This is one of seven papers written by my 9th grade students describing how they feel about President Obama’s visit to Hiroshima and the words he spoke there.  I will be posting the remaining six over the weekend.  This Independence Day weekend is an excellent time to post these kids’ thoughts — to remind us that America can find greatness not in making war, but in working for peace.  



President Obama was the first sitting president to visit Hiroshima. He said that he would like to in the speech he made in Prague and his pledge during the presidential election campaign was to make a world without nuclear weapons. He said that America is the only country that has ever used nuclear bombs.

I think it was wonderful for him to come to Hiroshima. Some of the people who live in Hiroshima and Nagasaki say that he should apologize. But I think that just coming to Hiroshima is enough and it might even be thought of as a way of apologizing to Japan.

President Obama used “we” a lot in his speech. I think this “we” means every person in the world. I was most impressed with the words he spoke in the last part of the speech when he said, “That is a future we can chose.” I think that there are many meanings in this phrase. Of course, a person can chose any future; a future filled with war or a future filled with peace, a future in which our children will have trouble or have a good life. Anything can be possible.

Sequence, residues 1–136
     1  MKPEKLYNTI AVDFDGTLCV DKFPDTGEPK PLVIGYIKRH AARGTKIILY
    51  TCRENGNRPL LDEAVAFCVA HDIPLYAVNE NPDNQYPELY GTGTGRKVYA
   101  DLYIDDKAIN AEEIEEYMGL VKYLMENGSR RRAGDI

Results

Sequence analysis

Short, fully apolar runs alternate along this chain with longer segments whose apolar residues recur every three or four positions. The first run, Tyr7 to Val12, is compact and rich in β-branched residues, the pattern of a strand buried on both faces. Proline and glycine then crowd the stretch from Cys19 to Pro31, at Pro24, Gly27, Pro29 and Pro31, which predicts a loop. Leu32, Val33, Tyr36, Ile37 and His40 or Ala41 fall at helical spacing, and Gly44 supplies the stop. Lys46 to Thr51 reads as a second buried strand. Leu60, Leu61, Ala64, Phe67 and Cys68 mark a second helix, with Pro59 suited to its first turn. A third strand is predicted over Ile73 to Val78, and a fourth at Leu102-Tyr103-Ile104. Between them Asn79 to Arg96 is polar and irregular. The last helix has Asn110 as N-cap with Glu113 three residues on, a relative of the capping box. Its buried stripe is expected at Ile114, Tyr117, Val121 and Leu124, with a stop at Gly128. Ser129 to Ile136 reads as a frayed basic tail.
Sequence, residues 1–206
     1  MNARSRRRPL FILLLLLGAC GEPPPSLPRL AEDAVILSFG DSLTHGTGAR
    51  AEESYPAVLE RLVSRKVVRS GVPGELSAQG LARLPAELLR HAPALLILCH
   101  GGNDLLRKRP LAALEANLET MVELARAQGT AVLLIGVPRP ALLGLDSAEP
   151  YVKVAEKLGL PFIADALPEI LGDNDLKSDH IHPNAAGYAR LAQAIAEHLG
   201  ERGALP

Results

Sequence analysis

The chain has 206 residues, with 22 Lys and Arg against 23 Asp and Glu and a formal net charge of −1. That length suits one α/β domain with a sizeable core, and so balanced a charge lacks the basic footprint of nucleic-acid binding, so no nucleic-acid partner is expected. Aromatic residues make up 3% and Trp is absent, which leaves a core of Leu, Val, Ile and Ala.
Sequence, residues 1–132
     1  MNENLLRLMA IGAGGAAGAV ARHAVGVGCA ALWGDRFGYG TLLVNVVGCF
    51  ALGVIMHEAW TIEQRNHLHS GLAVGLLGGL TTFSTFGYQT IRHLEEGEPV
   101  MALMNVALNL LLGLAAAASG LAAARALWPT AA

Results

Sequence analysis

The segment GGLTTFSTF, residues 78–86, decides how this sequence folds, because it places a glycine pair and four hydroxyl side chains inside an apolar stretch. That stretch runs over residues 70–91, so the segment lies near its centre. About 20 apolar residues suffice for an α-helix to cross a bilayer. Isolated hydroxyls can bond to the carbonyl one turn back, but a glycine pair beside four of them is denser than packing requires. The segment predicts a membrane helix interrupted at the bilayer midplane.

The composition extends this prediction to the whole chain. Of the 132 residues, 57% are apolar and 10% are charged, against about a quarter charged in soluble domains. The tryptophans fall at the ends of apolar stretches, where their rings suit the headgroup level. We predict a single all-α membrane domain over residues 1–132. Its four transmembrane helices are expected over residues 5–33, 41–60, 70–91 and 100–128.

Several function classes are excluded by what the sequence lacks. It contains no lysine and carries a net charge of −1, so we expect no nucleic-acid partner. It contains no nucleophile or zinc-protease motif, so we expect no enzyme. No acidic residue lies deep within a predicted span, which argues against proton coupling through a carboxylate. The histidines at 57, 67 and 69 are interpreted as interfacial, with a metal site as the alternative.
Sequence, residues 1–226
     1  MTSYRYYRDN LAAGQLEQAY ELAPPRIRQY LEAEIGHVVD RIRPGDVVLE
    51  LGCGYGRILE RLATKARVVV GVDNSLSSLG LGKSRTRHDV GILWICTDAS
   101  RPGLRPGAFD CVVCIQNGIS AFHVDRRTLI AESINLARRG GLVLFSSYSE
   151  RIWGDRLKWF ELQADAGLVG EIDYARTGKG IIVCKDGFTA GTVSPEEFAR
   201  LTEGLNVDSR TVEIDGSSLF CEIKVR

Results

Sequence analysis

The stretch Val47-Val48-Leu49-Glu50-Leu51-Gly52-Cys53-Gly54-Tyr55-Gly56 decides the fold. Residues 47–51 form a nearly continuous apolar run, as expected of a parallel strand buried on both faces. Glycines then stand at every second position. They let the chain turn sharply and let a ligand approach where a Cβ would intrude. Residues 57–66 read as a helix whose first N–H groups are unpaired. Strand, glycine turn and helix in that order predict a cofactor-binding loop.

President Obama called all people to come together and make a peaceful world. Some countries may try to threaten peace, but the world must come together. I believe we must follow the president’s call to peace.

GOTA S. (15) Bunkyo Ward, Tokyo